And That Happened: Thursday’s Scores and Highlights

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Here are the scores. Here are the highlights:

Yankees 9, Red Sox 1: Gary Sanchez hit two homers and drove in five and Michael Pineda allowed only an unearned run and struck out eight over seven innings of work. David Price said he wasn’t talking to the media except on days he pitched. Yesterday he pitched. And he gave up six runs on eight hits in five innings. I’m sure he was looking forward to that conversation for the rest of the game but, to his credit, he refrained from expletive-filled rants and simply answered questions.

Diamondbacks 15, Padres 3: This game started at 3:40 Eastern time and lasted less than three hours, so Senator McCain has no excuses if he’s less than sharp today. Chris Iannetta hit a two run homer and drove in five more runs with a pair of RBI doubles. Ten of the Dbacks’ 15 runs came with two outs.

Giants 9, Brewers 5: This game had everything. Lead changes. A blown ninth inning. A big extra innings rally. A guy with no pants storming the field:

You know, the usual. As for the baseball, Giants closer Mark Melancon, blew a two-run lead in the ninth by giving up a leadoff homer to Eric Sogard and an RBI single to Travis Shaw‘s before recording an out. He stopped the damage there, however, and his teammates rallied for four in the tenth.

Reds 5, Cardinals 2: A four game sweep for the Reds capped with a four-hit day from Joey Votto. One of those hits was a two-run shot. Adam Duvall had three hits. It’s the first time the Reds have swept the Cardinals in a four game series since 2003. The Cards have lost seven in a row.

Angels 11, Tigers 4: The Tigers had an early 4-1 lead but Michael Fulmer faltered and the bullpen utterly failed. The Angels took the lead with a four-run fifth and piled on six runs in the seventh. Eric Young Jr. had three hits and scored three times and Danny Espinosa drove in three.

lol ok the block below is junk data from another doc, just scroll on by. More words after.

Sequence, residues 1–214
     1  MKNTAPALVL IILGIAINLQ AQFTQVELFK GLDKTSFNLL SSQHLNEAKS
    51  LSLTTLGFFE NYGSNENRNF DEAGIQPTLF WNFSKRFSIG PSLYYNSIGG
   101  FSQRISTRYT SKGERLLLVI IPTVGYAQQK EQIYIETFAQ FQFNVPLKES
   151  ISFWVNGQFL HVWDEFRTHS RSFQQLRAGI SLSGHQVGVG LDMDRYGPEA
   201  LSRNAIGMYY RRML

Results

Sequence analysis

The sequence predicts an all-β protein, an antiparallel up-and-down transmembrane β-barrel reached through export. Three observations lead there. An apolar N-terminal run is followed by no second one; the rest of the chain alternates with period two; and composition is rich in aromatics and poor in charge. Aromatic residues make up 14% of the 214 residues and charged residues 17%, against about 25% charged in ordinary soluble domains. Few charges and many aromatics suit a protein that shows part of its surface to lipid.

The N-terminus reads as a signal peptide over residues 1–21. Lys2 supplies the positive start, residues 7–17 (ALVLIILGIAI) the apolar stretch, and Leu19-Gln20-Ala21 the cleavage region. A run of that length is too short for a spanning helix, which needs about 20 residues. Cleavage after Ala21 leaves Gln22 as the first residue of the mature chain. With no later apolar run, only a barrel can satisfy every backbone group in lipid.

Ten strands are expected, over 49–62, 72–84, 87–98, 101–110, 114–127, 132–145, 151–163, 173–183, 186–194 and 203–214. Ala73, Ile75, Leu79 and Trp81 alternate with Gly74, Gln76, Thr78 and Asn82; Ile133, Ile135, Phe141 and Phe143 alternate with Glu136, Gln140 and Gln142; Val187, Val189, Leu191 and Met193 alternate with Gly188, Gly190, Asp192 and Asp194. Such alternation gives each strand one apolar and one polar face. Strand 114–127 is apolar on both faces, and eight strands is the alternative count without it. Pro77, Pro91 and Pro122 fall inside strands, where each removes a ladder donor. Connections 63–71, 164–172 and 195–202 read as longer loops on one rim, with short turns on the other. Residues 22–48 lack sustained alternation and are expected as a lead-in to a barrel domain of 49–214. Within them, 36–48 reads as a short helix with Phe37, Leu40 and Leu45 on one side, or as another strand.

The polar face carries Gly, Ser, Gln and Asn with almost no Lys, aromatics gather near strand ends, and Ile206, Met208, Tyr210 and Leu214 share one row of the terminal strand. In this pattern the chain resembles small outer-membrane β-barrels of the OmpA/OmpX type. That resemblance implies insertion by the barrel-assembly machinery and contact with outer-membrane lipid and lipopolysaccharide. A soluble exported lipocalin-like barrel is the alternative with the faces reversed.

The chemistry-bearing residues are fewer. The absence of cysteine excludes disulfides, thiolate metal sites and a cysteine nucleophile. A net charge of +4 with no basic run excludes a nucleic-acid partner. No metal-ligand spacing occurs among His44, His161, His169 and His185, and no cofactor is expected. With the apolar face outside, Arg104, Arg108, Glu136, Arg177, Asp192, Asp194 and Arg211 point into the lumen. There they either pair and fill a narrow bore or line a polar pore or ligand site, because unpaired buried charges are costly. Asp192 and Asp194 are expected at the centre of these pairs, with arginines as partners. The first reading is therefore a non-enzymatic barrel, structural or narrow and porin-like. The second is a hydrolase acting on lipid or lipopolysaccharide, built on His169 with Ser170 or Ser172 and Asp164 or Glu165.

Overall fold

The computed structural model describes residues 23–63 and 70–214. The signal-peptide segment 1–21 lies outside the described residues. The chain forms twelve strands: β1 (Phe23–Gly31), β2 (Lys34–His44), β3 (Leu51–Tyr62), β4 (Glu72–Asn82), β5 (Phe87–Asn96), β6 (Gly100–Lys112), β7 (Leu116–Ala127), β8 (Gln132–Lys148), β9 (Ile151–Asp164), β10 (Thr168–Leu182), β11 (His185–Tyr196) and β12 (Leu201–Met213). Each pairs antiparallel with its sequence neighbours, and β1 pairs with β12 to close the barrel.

Nationals 6, Orioles 1: A makeup game no one wanted to play. The Nats were coming off of a west coast road trip and Orioles just played a couple of long, tough extra innings games against the Pirates which drained their bullpen. The starters were fresh, but only one of them pitched well. Joe Ross of the Nats gave up one run and four hits over seven and a third innings, striking out 12 and not walking anyone. His secret:

“Tried to execute and keep the ball down”

Oh, thanks.

Stephen Drew homered and Trea Turner had three hits and three stolen bases

Marlins 7, Pirates 1: Often times guys have a bad outing following a no-hitter. Not Edinson Volquez. The Marlins starter, who no-hit the Diamondbacks last Saturday tossed seven shutout innings here, allowing only three hits and striking out eight. He’s lowered his ERA on the season by more than a run in just his last two starts. Derek Dietrich and Christian Yelich each had three hits, each with two doubles.

Rays 7, White Sox 5: Derek Norris has not had a good week off the field, but on the field yesterday he was just fine, homering in the third and the fourth innings. Peter Bourjos and Colby Rasmus also homered for Tampa Bay. Rays center fielder Kevin Kiermaier left the game with a jammed right hip after sliding into first base while trying to beat out an infield hit in the fifth. Sliding into first base is never a good idea, people. Ever.

Braves 3, Phillies 1: R.A. Dickey hasn’t had a good year so far, but last night he got things right, allowing only one run on three hits in seven innings. The highlight of this game, however, may have been when Maikel Franco hacked at a knuckleball, lost control of the bat and sent it flying into the protective netting. Where it got stuck:

 

Rockies 4, Cubs 1: All of the scoring was over after the second inning in this one, with Kris Bryant hit a solo homer in the first and Charlie Blackmon and D.J. LeMahiew each knocking runs, on a double and a homer, respectively, in the second. Tyler Chatwood went six innings, allowing only tat Bryant homer. That’s five straight wins for Colorado. For years the deal with the Rockies was that, if they could only get average pitching, they had a fighting chance given their offensive environment. So far this year Colorado has a top-10 pitching staff in all of baseball.